- The basic idea is that primary care physicians in an ACO will coordinate a patient's care to improve outcomes and lower costs. Specialists cannot lead ACOs and no specialty-only (such as oncology-only) ACOs are allowed. However, a specialist can be a member of more than one ACO; by contrast, primary care physicians can participate in only one ACO.
- By signing a three-year contract with the Medicare program, the ACO agrees to be accountable for the quality and cost of the total care of the Medicare patients assigned to it, even if some patients seek treatment outside the ACO.
- ACO physicians and hospitals will continue to be paid under the current fee-for-service payment system. However, CMS will develop an ACO-specific savings benchmark that must be met if the ACO is to receive “shared savings”—a percentage of the money saved—at the end of each one-year performance period.
- The benchmark is an estimate of what the total Medicare physician and hospital expenditures would have been for those particular patients in the absence of the ACO. If an ACO's spending exceeds the benchmark, the organization is responsible for repaying Medicare the difference.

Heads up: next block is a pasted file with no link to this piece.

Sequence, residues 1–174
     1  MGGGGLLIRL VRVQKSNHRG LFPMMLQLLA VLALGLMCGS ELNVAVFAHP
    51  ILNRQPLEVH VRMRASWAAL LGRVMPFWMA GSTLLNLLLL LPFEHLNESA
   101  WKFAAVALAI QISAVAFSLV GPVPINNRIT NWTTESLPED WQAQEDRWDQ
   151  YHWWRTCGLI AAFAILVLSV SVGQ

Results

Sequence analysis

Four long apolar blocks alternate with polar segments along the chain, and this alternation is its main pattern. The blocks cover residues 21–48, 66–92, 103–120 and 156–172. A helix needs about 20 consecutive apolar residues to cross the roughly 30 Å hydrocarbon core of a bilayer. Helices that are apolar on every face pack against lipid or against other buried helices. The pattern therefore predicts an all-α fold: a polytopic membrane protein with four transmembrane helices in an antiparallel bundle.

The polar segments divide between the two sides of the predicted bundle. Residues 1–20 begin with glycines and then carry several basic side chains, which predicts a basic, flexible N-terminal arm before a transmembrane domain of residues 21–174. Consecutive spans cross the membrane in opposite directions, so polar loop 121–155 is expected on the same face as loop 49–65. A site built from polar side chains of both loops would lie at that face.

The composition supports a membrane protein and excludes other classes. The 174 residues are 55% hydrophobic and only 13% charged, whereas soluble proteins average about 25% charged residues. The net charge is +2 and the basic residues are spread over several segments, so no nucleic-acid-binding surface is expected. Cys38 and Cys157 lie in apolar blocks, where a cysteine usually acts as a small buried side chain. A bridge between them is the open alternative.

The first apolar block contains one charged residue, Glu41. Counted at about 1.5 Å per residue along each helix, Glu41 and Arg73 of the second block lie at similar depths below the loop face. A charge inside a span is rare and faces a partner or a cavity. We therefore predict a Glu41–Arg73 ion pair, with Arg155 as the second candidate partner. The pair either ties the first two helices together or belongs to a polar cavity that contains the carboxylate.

- The ACO has two financial options: (1) a one-sided risk model, in which the ACO would be eligible for shared savings only for the first two years, and in the third year the ACO could share savings or be financially responsible for any loss; and (2) a two-sided risk model, in which the ACO would share in savings and be held accountable for losses in all three years.
- CMS's thinking is that some ACOs will be uncomfortable accepting financial risk in the first two years because they need to get experience with care coordination and population health management.
- On the other hand, some organizations already have that experience and may wish to accept more risk in return for a higher potential shared savings rate.
- The two-sided model would allow the ACO to share up to 60% of the total savings it generates for the Medicare program, while the one-sided model allows the ACO to receive a maximum of 50% of the savings.
- Medicare patients will be retroactively assigned to an ACO based on which primary care physicians provided most of their care during a given year. However, patients are free to receive care from any physicians they choose, even after they have been assigned to an ACO.
- For starters, ACOs will be accountable for 65 quality-of-care measures in five domains: patient experience, care coordination, patient safety, preventive health, and at-risk population/frail elderly health. No oncology-specific measures are included.
- To encourage participation in 2012, an ACO will be eligible for the maximum potential shared savings if it saves money and reports the required quality measures. In subsequent years, each ACO will earn a quality score based on its actual performance on the various measures. Its “shared savings” payout will be based in part on that quality score.
- If shared savings are earned, participants in an ACO decide how to split the money among themselves.